They say respect is a two-way street, and if a new Consumer Reports survey is any indication, that street is paved with better, safer medical care.
The survey findings are detailed in a report called "How Not to Get Sick(er) in the Hospital." The publication polled 1,200 people who were hospitalized in the last six months and found that those who rarely felt respected by healthcare workers were two and a half times more likely to fall victim to a medical error than those who reported they were treated well.
Consumer Reports defined respectful behavior on the part of medical staff as communicating effectively, showing compassion, honoring patients' wishes and acknowledging mistakes, and used "medical errors" as a catch-all term to include hospital-acquired infections, medication mistakes, misdiagnoses and other preventable adverse events. Of the patients polled, 29 percent reported experiencing a medical error, echoing the danger highlighted by a previous FierceHealthcare report that medical errors are now the third leading cause of death in the United States.
"I wasn't, unfortunately, surprised" by the report's findings, Dominick Frosch, Ph.D., a fellow in the Gordon and Betty Moore Foundation's Patient Care Program, which provided a grant for the Consumer Reports survey, said in an exclusive interview with FierceHealthcare.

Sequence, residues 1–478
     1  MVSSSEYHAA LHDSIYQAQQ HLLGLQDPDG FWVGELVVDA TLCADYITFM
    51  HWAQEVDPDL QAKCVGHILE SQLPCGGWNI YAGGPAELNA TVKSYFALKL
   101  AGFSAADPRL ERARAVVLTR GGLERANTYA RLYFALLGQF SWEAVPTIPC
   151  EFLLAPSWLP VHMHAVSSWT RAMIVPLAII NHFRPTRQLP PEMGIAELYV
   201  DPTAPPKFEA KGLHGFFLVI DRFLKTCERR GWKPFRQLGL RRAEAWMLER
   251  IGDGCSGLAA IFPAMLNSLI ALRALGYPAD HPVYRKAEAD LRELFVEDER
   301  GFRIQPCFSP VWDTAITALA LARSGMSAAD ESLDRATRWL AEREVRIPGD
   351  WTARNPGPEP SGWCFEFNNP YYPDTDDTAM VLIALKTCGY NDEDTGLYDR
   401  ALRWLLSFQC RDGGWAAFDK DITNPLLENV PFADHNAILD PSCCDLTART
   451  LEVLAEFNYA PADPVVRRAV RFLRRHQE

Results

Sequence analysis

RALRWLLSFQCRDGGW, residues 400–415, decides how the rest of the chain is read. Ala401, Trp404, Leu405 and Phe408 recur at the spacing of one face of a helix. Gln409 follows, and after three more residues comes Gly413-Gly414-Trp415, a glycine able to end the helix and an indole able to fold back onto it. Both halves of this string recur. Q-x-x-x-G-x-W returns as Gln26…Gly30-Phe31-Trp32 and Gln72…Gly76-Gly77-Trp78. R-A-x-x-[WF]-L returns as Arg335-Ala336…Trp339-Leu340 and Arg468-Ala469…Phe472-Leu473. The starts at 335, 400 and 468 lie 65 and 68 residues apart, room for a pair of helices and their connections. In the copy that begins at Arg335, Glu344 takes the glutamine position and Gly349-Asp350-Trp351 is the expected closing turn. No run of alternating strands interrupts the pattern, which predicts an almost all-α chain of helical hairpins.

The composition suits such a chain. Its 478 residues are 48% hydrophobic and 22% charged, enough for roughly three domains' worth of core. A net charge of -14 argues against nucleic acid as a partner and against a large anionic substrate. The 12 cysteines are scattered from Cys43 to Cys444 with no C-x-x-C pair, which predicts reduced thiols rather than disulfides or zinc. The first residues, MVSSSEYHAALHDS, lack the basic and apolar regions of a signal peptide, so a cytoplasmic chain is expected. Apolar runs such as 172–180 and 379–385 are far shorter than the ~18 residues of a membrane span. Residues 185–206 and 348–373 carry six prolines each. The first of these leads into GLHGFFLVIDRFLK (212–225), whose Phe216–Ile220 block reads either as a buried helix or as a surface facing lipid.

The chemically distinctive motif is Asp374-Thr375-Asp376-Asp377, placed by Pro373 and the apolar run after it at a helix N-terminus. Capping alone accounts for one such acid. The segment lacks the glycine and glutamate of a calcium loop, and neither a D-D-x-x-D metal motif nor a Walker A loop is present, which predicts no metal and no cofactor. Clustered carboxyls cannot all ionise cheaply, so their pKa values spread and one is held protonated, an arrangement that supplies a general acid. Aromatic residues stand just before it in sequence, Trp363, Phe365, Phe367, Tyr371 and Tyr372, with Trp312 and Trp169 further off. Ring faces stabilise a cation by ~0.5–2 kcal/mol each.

"At the same time, what this survey does is give us a more comprehensive picture of where we stand at the national level…So we could really get a better sense of how much work needs to be done."
An alarming one in four of those surveyed said staff didn't consistently treat them "like a person." Further, about one third felt their wishes weren't always honored and staff didn't always listen to them without interrupting; and 21 percent felt outright discriminated against, according to the report.
The report also highlighted how powerless some patients feel in handling their own medical care. One in five patients polled worried about bothering the medical staff or being a pest, and 13 percent worried about being labeled a difficult patient if they spoke up, Trisha Calvo, deputy health and food content editor for Consumer Reports, said during an exclusive interview, adding that communication between patient and provider is the key to improving care.
"Sometimes a gentle reminder can shift the doctor off the track they are on, in terms of communicating with you," she said.
But the burden for increasing patient engagement doesn't lie entirely with the consumer, according to Frosch, who pointed to a 2013 healthcare leadership guide from the American Hospital Association as a useful resource for improving the patient experience.
"Making respectful treatment of patients a priority will go a long way toward improving the hospital experience for patients," Calvo added. "I think that extends to the way the staff is treated as well. If you work in a hospital where you're not respected as an employee, that has a trickle-down effect."
Patient engagement has indeed been an ongoing trend in the industry, with providers seeking out new ideas to help patients help themselves and some research even indicating that more engaged patients experience less pain, FierceHealthcare has reported.
Some recent progress has been made in increasing patient safety, but the Consumer Reports survey indicates there's still a long way to go. And according to Frosch, "it's incumbent upon leadership" to right the ship.
"More of the burden of change perhaps lies with healthcare professionals and healthcare facilities," he said. "Because that's where patients and families aren't getting what they expect or don't even know they should be expecting better care."